Richard Lutz takes a pew to see the latest incarnation of the Steinbeck classic.
American author John Steinbeck put it pretty simple and straight. In a letter about his novella Of Mice and Men, he said the story “was designed to teach me to write for the theatre.”
Well, there you go. No wonder the sad, doomed tale about two Dustbowl labourers, George and Lenny, comes back so often to the boards to recount how the pair get into trouble as they sign on for work at farm after farm and have to ‘lit out’ in the dark of night.
The trouble, of course, stems from lumbering simple Lennie who as a childlike innocent can’t keep his hands off the things that fascinate him: little field mice, puppies and, tragically, the crew boss’s flirty wife, played with forlorn sparky desperatio by Lorna Nickson-Brown.
But this is more than a story about how things go wrong. It’s also a drama about lonely people, with vivid but hopeless dreams as they contend with poverty, dead-end manual work, ruthless farm owners and a sense of isolation as they grope from job to job.
Each character in the Steinbeck novella seems to envision a better life. George (played with knowing sadness by Michael Legge) and Lennie (a goofy, wide-eyed Benjamin Dilloway) dream of a little farm in the hills; old Candy tags along with this unattainable rural fantasy; crippled black labourer Crooks wants a scintilla of dignity rather than race hatred and the hapless female lead simply called Curley’s wife, mentioned above, just wants someone to talk to.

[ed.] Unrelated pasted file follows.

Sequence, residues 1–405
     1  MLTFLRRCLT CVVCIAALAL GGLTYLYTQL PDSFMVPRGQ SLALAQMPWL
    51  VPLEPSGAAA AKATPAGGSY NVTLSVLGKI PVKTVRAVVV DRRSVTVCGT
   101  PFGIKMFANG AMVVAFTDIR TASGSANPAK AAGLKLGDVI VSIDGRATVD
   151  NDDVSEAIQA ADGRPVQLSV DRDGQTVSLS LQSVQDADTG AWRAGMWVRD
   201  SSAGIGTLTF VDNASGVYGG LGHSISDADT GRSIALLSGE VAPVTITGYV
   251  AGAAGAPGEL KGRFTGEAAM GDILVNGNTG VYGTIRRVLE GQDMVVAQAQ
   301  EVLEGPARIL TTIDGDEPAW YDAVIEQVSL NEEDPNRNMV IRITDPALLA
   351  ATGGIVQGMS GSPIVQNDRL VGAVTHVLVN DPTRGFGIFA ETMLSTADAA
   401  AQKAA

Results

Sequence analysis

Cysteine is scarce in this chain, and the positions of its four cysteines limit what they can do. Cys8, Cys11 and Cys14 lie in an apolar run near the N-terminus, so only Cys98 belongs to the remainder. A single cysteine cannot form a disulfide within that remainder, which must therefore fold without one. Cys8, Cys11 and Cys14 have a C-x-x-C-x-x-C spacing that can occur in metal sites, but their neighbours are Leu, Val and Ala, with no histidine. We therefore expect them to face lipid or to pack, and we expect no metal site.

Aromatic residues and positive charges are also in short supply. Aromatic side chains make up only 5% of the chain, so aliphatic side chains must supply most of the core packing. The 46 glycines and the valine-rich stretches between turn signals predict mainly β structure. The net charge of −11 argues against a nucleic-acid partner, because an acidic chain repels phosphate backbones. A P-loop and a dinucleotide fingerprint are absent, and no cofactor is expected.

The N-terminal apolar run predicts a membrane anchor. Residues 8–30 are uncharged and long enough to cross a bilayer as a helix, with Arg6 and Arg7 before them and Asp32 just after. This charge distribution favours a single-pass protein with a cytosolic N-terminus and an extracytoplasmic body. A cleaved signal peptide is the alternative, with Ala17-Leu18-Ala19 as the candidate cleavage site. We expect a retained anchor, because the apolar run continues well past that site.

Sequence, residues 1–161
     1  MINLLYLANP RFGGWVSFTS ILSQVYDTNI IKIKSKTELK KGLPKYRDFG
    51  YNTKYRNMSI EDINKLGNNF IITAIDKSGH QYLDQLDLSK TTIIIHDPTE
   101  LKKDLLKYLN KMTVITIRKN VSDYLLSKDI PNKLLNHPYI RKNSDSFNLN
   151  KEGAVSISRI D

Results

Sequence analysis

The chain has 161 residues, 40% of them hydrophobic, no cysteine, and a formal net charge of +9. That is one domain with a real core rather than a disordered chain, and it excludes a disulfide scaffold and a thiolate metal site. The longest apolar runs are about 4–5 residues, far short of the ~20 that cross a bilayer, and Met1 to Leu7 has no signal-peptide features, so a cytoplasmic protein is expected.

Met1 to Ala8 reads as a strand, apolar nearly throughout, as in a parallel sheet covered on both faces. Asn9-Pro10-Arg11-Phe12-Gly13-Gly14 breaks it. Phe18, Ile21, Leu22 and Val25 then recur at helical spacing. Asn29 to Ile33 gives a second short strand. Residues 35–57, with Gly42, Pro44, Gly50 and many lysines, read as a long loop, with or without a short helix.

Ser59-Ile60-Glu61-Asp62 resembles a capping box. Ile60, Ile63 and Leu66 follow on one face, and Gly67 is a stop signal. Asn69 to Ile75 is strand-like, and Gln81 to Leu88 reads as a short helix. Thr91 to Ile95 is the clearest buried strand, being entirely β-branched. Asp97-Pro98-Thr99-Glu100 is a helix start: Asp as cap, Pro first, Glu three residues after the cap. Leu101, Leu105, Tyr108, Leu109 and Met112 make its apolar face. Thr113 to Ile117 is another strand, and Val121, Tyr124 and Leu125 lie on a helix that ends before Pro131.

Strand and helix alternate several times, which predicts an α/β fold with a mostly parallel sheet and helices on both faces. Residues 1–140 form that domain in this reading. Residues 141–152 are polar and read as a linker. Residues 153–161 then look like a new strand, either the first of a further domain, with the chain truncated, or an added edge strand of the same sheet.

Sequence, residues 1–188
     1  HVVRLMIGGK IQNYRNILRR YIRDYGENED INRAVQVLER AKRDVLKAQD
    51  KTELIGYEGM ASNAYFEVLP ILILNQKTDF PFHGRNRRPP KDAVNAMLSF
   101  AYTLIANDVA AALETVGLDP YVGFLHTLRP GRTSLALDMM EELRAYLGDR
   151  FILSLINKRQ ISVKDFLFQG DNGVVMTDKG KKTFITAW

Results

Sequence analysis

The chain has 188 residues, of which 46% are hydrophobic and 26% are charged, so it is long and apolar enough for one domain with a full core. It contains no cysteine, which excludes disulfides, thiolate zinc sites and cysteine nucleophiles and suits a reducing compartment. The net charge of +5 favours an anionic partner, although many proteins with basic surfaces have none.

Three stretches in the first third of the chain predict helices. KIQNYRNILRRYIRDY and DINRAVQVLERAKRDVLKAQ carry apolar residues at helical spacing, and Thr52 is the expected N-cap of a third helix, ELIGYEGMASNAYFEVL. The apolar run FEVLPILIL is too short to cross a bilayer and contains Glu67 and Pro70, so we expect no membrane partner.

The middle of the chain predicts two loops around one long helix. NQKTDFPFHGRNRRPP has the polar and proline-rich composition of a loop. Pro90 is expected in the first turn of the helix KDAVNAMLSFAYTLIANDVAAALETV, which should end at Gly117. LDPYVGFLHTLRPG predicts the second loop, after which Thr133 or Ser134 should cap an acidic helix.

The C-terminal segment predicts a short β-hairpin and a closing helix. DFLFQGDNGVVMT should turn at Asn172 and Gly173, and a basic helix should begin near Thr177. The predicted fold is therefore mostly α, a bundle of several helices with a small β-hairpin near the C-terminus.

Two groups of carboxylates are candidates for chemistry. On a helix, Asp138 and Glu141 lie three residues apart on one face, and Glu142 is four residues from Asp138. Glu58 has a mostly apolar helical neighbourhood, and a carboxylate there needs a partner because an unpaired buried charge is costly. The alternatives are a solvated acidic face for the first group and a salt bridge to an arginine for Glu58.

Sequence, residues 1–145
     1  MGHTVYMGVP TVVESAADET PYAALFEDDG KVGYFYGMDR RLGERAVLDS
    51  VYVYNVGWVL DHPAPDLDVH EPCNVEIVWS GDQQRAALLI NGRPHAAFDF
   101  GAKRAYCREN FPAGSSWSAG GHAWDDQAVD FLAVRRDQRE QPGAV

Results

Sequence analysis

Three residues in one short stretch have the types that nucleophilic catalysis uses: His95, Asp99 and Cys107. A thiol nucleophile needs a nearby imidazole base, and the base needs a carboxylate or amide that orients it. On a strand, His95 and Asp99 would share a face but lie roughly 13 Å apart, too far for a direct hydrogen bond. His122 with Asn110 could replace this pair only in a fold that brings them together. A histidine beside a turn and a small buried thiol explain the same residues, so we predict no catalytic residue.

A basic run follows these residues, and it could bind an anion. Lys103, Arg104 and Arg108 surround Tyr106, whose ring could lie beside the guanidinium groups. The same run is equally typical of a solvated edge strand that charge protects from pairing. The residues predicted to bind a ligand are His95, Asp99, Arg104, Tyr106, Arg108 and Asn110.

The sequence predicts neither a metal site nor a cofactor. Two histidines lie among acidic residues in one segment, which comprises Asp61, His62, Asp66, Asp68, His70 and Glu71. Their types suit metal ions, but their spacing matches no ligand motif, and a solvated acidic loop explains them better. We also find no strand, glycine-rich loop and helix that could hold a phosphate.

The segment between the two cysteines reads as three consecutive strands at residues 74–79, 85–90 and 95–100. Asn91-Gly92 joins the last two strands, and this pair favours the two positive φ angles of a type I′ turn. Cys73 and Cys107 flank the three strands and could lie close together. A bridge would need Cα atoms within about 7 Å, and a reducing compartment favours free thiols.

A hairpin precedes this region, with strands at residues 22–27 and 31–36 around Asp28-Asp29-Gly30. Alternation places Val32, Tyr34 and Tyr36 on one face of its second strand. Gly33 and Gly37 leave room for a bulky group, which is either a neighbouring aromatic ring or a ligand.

The southwest cornfed American drawl tends to fade at times and the story is so well-known that there is little mystery about how it will unravel (and unravel it surely does). But the production does tick along, helped by some serious live country music to punctuate the script and a set design that draws you into the great western outdoors.
So, a worthy, well-drawn staging of a classic tale, produced to a high standard and, I might add, mightily received by the scores of school kids who, I suspect, were reading the novella for their studies.
Of Mice and Men plays at the Birmingham Rep until Saturday 1st November. Tickets 0121 236 4455